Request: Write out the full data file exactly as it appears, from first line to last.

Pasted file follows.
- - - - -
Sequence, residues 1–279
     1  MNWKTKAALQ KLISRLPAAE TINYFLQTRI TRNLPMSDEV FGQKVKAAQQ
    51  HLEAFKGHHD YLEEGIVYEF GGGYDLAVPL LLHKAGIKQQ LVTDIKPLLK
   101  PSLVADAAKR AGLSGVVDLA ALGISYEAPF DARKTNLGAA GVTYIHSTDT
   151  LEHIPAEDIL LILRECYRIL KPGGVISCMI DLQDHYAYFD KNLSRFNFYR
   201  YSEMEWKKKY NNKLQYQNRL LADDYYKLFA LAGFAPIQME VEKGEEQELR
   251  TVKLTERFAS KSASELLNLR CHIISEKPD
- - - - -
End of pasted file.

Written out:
Sequence, residues 1–279
     1  MNWKTKAALQ KLISRLPAAE TINYFLQTRI TRNLPMSDEV FGQKVKAAQQ
    51  HLEAFKGHHD YLEEGIVYEF GGGYDLAVPL LLHKAGIKQQ LVTDIKPLLK
   101  PSLVADAAKR AGLSGVVDLA ALGISYEAPF DARKTNLGAA GVTYIHSTDT
   151  LEHIPAEDIL LILRECYRIL KPGGVISCMI DLQDHYAYFD KNLSRFNFYR
   201  YSEMEWKKKY NNKLQYQNRL LADDYYKLFA LAGFAPIQME VEKGEEQELR
   251  TVKLTERFAS KSASELLNLR CHIISEKPD